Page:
'An excellent overview of contemporary critical political thought in India. A superb resource for students and serious readers.'
Partha Chatterjee, Columbia University, USA and Centre for Studies in Social Sciences, Calcutta, India
'Indian Political Theory does much more than provide a perfect cognitive mapping of what its title says. It serves as a compass that allows us to orient ourselves in the pandemonium of Indian politics, wisely avoiding both traps of imitating Western models or of advocating a naive return to some imagined Indian tradition. The book is indispensable for all who want to understand the deepest political motivations of a growing superpower.'
Slavoj Žižek, Birkbeck College, UK
'Indian Political Theory is a welcome volume as it seeks to introduce the reader to the theoretical possibility that remains hidden in the system of ideas developed by thinkers like Babasaheb Ambedkar. In a fundamental sense the volume performs a moral function: it defines the completeness of Indian political theory on ethical grounds, with the demand of an egalitarian accommodation of subaltern thought.'
Gopal Guru, Jawaharlal Nehru University, India
'This impressive critique of the idea of svaraj in Indian political thought deserves to be widely read.'
Talal Asad, CUNY Graduate Institute, USA
'Aakash Singh Rathore wrests the subject of political theory from the hands of self-centred and increasingly irrelevant Western thinkers and he democratizes it by anchoring it in the experience of the downtrodden masses of India: the Dalits. By re-reading Gandhi and Ambedkar, Professor Rathore rescues the concept of svaraj from Hindu nationalists and revives it to make it relevant to political theory - and to politics - today and in the future, in India and outside. This is a book of stunning ambition and great learning written in a style that is playful, confrontational and intellectually demanding. It should be read by all serious students of political theory, East and West.'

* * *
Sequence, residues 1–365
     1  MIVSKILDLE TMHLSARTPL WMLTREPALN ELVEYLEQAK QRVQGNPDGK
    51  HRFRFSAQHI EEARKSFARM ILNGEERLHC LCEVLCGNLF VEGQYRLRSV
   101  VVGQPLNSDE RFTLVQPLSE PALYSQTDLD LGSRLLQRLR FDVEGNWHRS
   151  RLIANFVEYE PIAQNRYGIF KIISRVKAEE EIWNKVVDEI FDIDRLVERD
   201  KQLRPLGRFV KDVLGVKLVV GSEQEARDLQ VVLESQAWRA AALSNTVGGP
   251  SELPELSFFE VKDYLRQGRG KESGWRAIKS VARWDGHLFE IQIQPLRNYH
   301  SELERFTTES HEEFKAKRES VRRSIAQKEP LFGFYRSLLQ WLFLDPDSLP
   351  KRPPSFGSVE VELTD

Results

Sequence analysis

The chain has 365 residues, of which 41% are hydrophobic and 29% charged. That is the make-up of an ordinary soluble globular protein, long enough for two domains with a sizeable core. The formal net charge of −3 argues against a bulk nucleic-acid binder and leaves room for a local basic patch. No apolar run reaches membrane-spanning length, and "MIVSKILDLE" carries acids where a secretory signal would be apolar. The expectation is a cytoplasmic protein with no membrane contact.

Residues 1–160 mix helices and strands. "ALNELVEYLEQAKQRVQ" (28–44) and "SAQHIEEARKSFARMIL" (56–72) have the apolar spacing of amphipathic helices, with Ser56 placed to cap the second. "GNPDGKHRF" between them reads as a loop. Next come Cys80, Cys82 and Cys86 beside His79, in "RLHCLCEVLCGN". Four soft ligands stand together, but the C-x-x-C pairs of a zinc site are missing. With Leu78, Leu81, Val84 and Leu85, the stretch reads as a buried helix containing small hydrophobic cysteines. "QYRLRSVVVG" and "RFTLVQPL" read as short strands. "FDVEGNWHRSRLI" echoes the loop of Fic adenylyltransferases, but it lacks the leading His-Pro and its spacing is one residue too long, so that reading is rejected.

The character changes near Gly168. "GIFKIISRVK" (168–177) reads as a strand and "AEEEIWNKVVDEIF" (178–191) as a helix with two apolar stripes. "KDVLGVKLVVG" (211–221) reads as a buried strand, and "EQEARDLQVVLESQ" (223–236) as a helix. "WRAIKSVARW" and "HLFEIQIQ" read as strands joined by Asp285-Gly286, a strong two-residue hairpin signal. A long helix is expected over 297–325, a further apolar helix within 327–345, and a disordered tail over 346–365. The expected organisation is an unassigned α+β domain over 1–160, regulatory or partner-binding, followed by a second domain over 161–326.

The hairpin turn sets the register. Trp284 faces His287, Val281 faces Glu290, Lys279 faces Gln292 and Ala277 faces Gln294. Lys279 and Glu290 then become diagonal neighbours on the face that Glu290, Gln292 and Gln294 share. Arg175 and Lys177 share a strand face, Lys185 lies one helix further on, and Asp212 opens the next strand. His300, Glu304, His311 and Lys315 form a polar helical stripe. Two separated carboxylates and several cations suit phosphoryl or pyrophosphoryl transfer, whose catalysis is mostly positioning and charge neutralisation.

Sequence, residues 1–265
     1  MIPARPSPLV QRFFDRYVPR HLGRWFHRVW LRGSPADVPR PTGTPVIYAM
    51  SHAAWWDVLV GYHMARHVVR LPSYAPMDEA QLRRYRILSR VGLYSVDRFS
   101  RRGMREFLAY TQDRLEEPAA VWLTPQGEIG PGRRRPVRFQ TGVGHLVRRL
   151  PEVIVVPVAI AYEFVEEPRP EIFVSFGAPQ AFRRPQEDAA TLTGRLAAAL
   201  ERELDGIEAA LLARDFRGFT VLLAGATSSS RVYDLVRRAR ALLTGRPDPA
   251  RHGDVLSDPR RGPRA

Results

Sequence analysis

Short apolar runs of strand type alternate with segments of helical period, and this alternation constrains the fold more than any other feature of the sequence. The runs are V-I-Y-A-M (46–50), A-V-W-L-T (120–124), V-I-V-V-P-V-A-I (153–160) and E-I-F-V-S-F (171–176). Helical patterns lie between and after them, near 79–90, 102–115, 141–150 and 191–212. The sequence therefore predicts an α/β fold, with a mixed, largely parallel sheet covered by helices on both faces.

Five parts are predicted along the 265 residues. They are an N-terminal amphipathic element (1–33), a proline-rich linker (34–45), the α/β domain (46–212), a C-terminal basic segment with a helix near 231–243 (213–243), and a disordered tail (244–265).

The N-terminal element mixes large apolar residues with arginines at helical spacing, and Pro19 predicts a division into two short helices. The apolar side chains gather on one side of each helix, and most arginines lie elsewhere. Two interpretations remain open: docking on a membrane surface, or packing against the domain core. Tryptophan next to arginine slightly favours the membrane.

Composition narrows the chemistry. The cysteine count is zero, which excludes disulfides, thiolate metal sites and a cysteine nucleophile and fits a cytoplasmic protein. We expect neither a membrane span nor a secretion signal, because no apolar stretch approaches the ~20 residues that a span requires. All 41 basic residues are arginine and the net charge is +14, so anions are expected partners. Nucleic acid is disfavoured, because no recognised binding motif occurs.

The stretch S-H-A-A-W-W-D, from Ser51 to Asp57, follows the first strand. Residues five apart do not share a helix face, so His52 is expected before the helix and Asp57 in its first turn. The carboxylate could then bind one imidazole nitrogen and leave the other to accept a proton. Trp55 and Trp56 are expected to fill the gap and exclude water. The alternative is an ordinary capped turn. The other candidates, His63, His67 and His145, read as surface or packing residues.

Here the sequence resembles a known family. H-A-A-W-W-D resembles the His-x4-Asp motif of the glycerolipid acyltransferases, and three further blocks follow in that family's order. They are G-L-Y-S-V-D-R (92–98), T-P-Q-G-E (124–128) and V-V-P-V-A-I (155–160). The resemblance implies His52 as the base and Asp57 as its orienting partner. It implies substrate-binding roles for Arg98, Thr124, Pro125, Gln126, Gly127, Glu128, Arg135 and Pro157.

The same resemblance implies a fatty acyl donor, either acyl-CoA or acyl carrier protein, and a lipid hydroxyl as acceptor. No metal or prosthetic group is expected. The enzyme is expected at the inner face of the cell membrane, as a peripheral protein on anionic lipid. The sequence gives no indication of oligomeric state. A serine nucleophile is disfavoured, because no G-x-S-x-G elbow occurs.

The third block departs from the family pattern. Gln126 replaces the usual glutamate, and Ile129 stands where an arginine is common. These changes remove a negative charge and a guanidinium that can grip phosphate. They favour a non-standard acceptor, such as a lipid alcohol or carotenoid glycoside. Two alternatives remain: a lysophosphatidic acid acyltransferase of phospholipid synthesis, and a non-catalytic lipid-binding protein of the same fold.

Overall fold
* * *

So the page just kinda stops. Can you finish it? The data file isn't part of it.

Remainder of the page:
Torkel Brekke, Peace Research Institute Oslo (PRIO) and the University of Oslo, Norway
'In this fascinating work Aakash Singh Rathore explores the many dimensions of the concept of Swaraj within the broader context of Political Theory, Indian Political Theory specifically. Rigorous revaluation of the concept enables him to reassess the long-standing debate between universalism and particularism while negotiating creatively between western-centric theory and the indigeneity he champions. It is a priceless read.'
Neera Chandhoke, Visiting Professorial Fellow, Centre for Law and Governance, Jawaharlal Nehru University, India
'Rathore acknowledges the efforts of a set of Indian scholars who have highlighted the inadequacies of dominant political theories. He bemoans that while the knowledge and experience of the West gets universal status, those of non-western politics, society, and culture are quickly prefixed and slotted in silos like "Indian" or "Chinese".'
‘Aakash Singh Rathore’s thoughtful book, Indian Political Theory: Laying the Groundwork for Svaraj, provides one of the most compelling versions of the first approach . . . He defends a decolonial position and argues that pre-modern revivalist positions will inevitably privilege transitions of indigenous elites.’
Episode 58, THE PRAGATI PODCAST If Swaraj is your birthright, do you have it? What does Swaraj even mean? Do we have different concepts of self-rule? And how do we even spell the word — sva or swa? Click here to listen: A Thin Svaraj
Part One: What Political Theory is Meant to Do 1. The Thick and Thin of Svaraj 2. Political Theory and Comparative Political Theory 3. What is Indian Political Theory?
Part Two: The Inadequacy of Trans-Atlantic Political Theory 4. Theories of "Our" Condition: Habermas and the Post-Secular Turn 5. Theories of "Our" Oppression: Žižek and the Critique of Human Rights 6. Theories of "Our" Liberation: Rawls, Sen, and the Romance of Global Justice 7. An Unkindness of Theories: Trans-Atlantic Marxism, Post-Structuralism, and Post-Colonial Ethnographies
Part Three: Preconditions for Svaraj 8. Tradition, Hybridity, Equality 9. Gandhi and Ambedkar 10. Dalit Svaraj